They prefer compost and soils with plant debris, such as leaves, and are not very inclined to live on soils with high mineral content.

They are distinguished from the California roundworm because they are darker and their stripes are less pronounced.

How are earthworms born?

Earthworms are hermaphrodites, which means they have both male and female sexes. This allows a specimen to fertilize and be fertilized at the same time. What they cannot do is impregnate themselves.

The fertilization process lasts about three hours. The worms are placed in opposite directions, that is, one places the “tip of its tail” on the “head” of the other. Both remain attached by a viscous substance that releases the clitellum, one of the rings of the worms.

Once they have attached, they begin to inject sperm into each other. Sperm cells are stored in an organ called the spermatheca. When they have finished exchanging sperm, they finally separate.

Subsequently, the clitellum again secretes a viscous substance, this time to form a crust to protect and feed the eggs, somewhat akin to a butterfly cocoon. As this substance is secreted, the worm begins to crawl backwards.

This movement has two purposes: the first is to move the viscous substance from the clitellum towards the head. The second consists of collecting the ovules to take them to the spermathecae where they will be fertilized.

Thus, the worm continues to crawl backwards, and when the ovules have finally been fertilized and covered by the viscous substance, the cocoon is formed. The cocoon finally detaches from the body of the earthworm and is left on the ground, without parental supervision.

A single cocoon can contain between 3 and 20 specimens, which develop over a period that varies between two weeks and three months, depending on the species. When the young have developed, they break out of the cocoon and begin to feed.

This process can be carried out several times, during the average 4 years that each individual lives.

What do earthworms eat?

the earth wormsThey feed on organic matter found in the soil.. In doing so, they help dilute and break down certain minerals and other compounds, which are returned to the soil in the form of excrement.

This is because earthworms harbor certain species of microbes in their digestive systems that help break down nutrients better and make them easier for the soil to absorb.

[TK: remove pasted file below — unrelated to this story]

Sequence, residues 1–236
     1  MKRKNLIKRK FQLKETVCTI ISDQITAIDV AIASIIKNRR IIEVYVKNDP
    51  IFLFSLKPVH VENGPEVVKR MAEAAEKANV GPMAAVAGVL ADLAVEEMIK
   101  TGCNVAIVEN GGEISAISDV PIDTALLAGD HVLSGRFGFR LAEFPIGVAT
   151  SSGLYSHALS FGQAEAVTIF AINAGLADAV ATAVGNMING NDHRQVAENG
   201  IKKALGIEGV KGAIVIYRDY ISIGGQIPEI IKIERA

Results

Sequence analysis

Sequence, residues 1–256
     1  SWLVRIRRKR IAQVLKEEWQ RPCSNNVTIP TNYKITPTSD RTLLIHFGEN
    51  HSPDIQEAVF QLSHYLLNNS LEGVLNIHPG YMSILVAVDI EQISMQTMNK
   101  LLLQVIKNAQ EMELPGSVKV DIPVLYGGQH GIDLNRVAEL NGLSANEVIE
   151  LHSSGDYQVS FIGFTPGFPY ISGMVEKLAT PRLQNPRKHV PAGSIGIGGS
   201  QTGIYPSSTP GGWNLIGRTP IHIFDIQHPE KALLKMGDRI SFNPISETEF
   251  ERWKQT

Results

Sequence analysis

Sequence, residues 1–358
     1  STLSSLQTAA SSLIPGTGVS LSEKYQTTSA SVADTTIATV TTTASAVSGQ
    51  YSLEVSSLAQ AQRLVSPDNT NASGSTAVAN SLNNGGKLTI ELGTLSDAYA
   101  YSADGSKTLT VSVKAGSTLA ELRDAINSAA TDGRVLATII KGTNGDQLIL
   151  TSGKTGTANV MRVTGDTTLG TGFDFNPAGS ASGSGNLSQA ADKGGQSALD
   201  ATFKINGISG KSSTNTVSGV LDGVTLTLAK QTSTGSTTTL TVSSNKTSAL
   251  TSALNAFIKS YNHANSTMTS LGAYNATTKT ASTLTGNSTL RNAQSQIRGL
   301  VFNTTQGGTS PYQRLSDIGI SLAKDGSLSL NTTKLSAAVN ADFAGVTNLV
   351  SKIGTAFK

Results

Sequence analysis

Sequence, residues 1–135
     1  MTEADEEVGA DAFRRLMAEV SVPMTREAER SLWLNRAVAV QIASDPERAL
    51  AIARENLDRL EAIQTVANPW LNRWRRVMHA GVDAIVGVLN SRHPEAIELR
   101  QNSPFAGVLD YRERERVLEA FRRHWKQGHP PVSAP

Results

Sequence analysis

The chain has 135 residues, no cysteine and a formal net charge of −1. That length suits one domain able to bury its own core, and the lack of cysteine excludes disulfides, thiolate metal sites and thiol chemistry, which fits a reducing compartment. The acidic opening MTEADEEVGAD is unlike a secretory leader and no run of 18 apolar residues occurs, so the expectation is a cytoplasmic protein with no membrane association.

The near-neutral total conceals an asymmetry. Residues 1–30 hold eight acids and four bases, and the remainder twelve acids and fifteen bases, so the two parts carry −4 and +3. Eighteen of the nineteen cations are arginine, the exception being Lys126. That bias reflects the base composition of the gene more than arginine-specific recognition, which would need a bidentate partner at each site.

Thus, as they move forward, the worms deposit their droppings throughout all the layers of the earth, effectively dispersing nutrients.

This is why crops containing earthworms are richer in nutrients and more spongy, which facilitates aeration and water retention.

On average,worm droppings contain:

Why are earthworms important?

Among the main benefits they bring to the substrates we find:

  • Improves aeration and water and nutrient retention capacity.
  • Improves the germination capacity of seeds.
  • Reduces soil erosion.
  • Improves soil management.
  • It enriches the substrate with organic substances and essential minerals.
  • Promotes the assimilation of nutrients by transforming them into assimilable forms.
  • Preserves and raises the organic content of soils.
  • It favors the formation of mycorrhizae.
  • Increases beneficial microbial flora.
  • Increases plant resistance to pests and diseases.
  • Does not contain bad odours.
  • Improves the flavor of the fruits.
  • Protects crops and makes them more resistant.
  • It is suitable for all types of crops.
  • Its excessive use is not harmful.

How do we take care of them?

Usually,earthworms do not require much care. Of course, we must ensure that we do not give them direct sunlight, since, being animals that live underground, they do not tolerate sunlight and can die within a few minutes.

Place the worms in a tray big enough and deep enough to fit all of them, but not to spill out. Cover it with soil and keep it in a dark and temperate place, in ideal climatic conditions, depending on the species you want to breed.

Feed them once a week with organic material such as leaves, grass, manure, kitchen scraps, compost, etc. Place this material on the ground. The worms crawl up to the food and go back down to their burrows when they are done eating.

Aboutyou must provide each month, half a kilo of foodfor every 30 cubic centimeters of space.

Thus, if you feed them every week, divide the amount of food into four parts, each one will correspond to the amount of weekly food.

Moisten the soil with each feeding, but be careful not to form puddles, as earthworms can drown in standing water. If you prefer, cover the bathtub to keep moisture inside.

Finally, if the soil is very acidic, every two months add lime and a little wood to keep the pH level between 6.8 and 7.2.

Where can we get them?

The most recommended is to buy them in fishing or agriculture stores. If you prefer, you can also buy liquid worm castings in specialized stores.